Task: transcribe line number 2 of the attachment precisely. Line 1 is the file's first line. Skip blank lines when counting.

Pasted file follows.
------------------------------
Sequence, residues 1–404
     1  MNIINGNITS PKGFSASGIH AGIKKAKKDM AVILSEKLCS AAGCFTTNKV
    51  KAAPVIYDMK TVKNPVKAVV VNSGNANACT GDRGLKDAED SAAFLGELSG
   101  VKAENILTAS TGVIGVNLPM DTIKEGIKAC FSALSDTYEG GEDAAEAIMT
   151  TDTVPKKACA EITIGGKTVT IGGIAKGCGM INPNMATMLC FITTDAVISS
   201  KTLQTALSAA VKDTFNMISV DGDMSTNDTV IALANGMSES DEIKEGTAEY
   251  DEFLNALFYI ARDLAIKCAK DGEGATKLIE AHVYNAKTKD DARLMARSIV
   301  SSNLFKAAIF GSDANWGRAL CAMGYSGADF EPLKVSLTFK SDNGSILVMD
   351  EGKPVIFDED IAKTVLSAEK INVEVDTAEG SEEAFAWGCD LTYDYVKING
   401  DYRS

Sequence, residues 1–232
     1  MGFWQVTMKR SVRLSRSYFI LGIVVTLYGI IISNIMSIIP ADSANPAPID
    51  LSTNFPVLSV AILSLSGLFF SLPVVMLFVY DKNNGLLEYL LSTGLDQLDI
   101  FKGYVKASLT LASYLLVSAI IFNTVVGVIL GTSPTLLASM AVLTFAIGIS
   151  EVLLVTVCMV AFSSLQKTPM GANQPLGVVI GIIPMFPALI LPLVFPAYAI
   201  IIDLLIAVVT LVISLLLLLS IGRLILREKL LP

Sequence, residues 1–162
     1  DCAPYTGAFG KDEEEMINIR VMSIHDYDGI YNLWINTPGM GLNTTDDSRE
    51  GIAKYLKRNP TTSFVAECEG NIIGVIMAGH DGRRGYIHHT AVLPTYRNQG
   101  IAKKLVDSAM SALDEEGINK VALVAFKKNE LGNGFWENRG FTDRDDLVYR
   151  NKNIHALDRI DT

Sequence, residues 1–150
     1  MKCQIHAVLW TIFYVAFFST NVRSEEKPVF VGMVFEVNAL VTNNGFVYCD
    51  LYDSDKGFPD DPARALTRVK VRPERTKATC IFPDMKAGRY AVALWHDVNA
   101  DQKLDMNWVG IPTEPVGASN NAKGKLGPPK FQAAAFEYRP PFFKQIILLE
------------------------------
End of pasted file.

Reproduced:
     1  MNIINGNITS PKGFSASGIH AGIKKAKKDM AVILSEKLCS AAGCFTTNKV